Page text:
Tag Archives: Penguin Books

The Love Department by William Trevor

I’ve been on a bit of William Trevor kick over the past few years, starting with his early novels, The Boarding-House (1965) and The Old Boys (1964), both excellent; then moving on to his final novel, Love and Summer (2009), a book I absolutely adored. The Love Department (1966) is another of Trevor’s early works, and while I didn’t find it quite as satisfying as the others, there’s still a great deal to enjoy here.

Like its predecessors, The Love Department is something of an ensemble piece, set in England in the mid-1960s. The central character is Edward Blakeston-Smith, a rather innocent young man who has just left a monastic retreat after a period of recuperation for a nervous condition. In his eagerness to prove he is no longer a child, Edward applies for a job with the ‘love department’, a hugely popular agony aunt service run by a leading newspaper based in London. Heading up the service is Lady Dolores Bourhardie, an eccentric figure who believes in the preservation of love within marriage, largely irrespective of a woman’s dissatisfaction with her husband.

Following a brief yet unsuccessful trial in the love department office, Edward is enlisted to perform a special mission in the field. He is to track down Septimus Tuam, an infamous trickster who has been stirring up trouble in the suburbs of Wimbledon, preying on vulnerable ladies with the ultimate aim of tapping them up for money. In short, Edward must find this enemy of love, follow him as he goes about his business and report back in full to Lady Dolores, preferably with a comprehensive dossier of Tuam’s targets and movements. At first Edward is rather reluctant to take on this mission, preferring the relative safety of the office to life in the wild; however, needs must when the devil drives, so he sets off with the aim of finding his prey.

As the narrative unfolds, we gain an insight into Tuam’s modus operandi, a technique which usually involves the ‘accidental’ laddering of a woman’s stocking with the tip of his umbrella. In this scene, Tuam – a rather attractive young man – is in the midst of setting up a potential victim, a smartly-dressed young woman whom he spots in a café. When Tuam offers to buy the lady a new pair of stockings, his target is rather reluctant to accept…

‘My dear, we cannot say goodbye like this. I have utterly ruined your beautiful stocking. I do insist, I really do, that you step across the road to Ely’s and see what they have for sale. I’m well known in the store.’ Septimus Tuam had taken the liberty of seizing the woman’s elbow, while she, feeling herself propelled from the café and on to the street, was thinking that a hatchet-faced young man whom she had never seen before had paid for her coffee and was now about to buy her stockings.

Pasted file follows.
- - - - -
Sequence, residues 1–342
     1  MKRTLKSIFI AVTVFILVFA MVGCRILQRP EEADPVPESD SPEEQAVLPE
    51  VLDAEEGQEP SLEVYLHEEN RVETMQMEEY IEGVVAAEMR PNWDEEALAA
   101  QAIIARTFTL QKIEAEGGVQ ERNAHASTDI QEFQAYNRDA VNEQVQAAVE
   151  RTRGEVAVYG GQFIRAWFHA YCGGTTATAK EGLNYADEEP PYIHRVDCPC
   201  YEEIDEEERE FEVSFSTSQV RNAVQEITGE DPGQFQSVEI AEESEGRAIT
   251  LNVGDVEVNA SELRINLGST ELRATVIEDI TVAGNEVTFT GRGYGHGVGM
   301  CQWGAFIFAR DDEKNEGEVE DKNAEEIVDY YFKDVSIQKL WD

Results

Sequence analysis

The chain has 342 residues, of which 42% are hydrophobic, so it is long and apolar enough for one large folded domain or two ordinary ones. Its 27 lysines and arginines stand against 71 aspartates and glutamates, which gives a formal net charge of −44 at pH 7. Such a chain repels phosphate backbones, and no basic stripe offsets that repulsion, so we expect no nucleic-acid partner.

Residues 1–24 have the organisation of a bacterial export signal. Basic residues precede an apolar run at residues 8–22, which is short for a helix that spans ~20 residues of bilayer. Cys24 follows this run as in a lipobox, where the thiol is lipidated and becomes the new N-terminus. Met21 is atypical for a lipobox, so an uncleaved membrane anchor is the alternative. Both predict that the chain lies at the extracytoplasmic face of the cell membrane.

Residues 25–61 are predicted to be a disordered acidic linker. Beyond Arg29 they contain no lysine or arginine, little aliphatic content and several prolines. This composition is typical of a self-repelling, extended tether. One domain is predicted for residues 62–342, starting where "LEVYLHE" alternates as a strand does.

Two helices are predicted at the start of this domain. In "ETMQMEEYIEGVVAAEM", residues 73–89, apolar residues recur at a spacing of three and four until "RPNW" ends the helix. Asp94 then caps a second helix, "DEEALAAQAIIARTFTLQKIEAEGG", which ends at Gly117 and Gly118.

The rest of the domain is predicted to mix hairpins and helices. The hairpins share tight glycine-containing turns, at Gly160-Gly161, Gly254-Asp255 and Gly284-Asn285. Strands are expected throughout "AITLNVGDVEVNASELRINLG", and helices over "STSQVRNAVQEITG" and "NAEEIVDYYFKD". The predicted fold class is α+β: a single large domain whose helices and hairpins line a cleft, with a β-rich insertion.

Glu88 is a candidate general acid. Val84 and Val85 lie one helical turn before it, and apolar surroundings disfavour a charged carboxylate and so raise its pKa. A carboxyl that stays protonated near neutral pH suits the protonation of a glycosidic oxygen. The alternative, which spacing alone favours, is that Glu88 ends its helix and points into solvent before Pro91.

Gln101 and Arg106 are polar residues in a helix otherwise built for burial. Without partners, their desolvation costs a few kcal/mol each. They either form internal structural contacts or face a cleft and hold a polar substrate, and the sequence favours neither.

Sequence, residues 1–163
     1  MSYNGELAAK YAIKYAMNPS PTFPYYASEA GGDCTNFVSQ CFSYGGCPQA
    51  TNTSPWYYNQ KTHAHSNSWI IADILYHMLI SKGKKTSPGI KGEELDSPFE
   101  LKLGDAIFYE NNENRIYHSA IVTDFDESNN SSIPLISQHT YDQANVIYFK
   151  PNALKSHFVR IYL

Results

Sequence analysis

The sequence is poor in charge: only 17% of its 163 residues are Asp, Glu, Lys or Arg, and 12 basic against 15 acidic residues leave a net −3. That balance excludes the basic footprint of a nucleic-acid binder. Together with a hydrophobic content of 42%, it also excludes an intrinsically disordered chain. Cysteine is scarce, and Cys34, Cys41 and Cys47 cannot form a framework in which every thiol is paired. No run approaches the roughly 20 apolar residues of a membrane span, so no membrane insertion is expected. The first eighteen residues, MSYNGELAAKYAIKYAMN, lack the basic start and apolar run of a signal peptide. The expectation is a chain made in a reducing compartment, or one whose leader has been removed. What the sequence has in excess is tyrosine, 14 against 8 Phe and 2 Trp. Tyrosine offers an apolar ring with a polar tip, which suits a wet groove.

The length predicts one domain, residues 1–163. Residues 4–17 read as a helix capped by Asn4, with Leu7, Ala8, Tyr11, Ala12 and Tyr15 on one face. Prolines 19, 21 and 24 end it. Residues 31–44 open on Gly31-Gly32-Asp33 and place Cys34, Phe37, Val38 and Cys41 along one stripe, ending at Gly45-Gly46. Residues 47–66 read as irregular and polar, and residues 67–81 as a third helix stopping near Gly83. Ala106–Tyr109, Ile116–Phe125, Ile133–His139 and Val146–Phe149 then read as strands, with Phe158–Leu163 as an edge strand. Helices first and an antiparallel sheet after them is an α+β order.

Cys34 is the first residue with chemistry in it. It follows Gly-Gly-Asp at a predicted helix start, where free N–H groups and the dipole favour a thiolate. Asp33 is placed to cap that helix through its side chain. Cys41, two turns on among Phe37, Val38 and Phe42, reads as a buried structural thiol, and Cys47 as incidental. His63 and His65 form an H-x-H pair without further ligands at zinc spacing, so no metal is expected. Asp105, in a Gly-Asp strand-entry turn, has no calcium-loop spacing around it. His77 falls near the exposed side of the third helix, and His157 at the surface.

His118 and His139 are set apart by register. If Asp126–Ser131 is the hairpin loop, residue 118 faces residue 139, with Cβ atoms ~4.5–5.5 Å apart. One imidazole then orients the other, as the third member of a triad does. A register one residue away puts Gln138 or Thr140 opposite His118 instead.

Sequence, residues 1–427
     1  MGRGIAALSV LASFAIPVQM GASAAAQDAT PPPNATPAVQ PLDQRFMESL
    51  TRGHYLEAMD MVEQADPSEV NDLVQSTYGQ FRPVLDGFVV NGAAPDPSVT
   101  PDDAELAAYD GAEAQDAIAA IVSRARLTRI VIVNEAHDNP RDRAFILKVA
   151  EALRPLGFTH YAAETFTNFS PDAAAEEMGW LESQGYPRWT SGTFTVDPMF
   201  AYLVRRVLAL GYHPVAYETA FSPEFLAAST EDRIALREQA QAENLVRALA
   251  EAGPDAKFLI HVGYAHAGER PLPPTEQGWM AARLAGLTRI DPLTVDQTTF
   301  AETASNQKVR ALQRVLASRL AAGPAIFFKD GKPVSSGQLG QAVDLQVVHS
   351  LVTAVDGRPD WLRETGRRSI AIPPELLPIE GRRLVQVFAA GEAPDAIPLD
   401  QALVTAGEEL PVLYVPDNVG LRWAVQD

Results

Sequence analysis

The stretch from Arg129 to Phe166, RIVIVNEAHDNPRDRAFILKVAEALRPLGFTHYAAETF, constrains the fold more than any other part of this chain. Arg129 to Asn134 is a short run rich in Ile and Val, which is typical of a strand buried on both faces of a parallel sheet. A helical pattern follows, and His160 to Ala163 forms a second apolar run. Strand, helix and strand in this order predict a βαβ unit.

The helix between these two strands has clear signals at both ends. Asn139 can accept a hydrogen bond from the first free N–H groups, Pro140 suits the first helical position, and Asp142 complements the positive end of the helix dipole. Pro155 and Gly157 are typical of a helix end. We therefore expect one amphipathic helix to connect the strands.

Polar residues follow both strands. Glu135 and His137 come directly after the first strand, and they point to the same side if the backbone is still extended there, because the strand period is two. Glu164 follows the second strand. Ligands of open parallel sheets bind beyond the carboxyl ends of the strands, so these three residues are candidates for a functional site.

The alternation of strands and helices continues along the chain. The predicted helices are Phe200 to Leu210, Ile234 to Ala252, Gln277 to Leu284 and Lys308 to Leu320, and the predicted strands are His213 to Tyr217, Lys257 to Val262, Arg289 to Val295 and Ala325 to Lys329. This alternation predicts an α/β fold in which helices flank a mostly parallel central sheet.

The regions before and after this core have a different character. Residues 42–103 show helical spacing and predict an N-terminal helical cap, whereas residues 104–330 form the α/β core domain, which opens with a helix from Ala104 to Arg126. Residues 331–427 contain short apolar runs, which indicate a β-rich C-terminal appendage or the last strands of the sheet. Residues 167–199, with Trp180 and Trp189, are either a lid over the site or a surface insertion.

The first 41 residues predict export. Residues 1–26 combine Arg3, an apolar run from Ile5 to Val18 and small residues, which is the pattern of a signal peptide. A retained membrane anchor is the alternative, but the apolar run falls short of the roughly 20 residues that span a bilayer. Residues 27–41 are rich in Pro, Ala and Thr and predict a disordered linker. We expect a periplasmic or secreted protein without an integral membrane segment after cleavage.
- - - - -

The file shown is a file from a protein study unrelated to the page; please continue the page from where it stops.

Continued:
‘I must ask you to release me,’ she said. ‘Let go my elbow: I do not intend to go with you to Ely’s.’

‘Oh, come now.’

‘Please. You are greatly embarrassing me.’

‘Nonsense, my dear. My name is Septimus Tuam. And may I be so bold –’

‘Excuse me,’ said the woman to two men on the street. ‘I am being annoyed.’

The men turned on Septimus Tuam and spoke roughly, while the woman, glancing haughtily at him, strode away. He felt humbled and depressed and then felt angry. He crept away with the sound of the men’s voices echoing in his ears, hating momentarily the whole of womankind, and reflecting that his failure had cost him two and sevenpence. (pp. 28–29)

Edward’s investigations into Tuam bring him into contact with a wide range of characters, most notably Eve and James Bolsover who have been married for ten years. The Bolsovers’ marriage has eroded over time, something that Eve finds herself reflecting on as she goes about her days. While James is wrapped up in his work and the deteriorating health of his father, Eve is bored and frustrated in her role as a wife, the spark having gone out of their relationship through a gradual process of decay. As ever with Trevor, there are some poignant insights into the small tragedies of life throughout the novel, particularly in relation to the erosion of love.

Eve wondered if these wives loved their husbands now; and what the history of love had been in the marriages. She wondered if Mrs Linderfoot in Purley had woken one morning and seen that there was no love left, and had climbed on to a sofa and stayed there. She wondered if the Clingers ever spoke of love, or how Mrs Poache and the Captain viewed their wedding day. She looked across the room and saw her husband, his head bent to catch what Mrs Poache was saying. He was still a handsome man; the decay was elsewhere. (p.116)

The novel has a similar tone to Trevor’s other early works, one of black comedy – in this instance, a darkly humorous satire pitting the protectors of love within marriage against the threats to its preservation. There is a marvellous set-piece in the middle of the book when the Bolsovers host a dinner party for three of James’ work colleagues and their wives – all the men are members of the board. The Clingers turn up with their pet monkey, which is confined to a separate room. Unfortunately for the hosts, the monkey ends up attacking Mrs Hoop, the Bolsovers’ disgruntled charwoman, who milks the situation for everything she can get. To make matters worse, old Beach – Mrs Hoop’s drinking partner – turns up brandishing a broom, adding considerably to the fuss and mayhem. Even poor Edward is dragged into the fray through a bizarre coincidence, one of several in the book. (If I had a criticism, I would say that some of these seem a bit forced or contrived, more so than in Trevor’s other early novels.)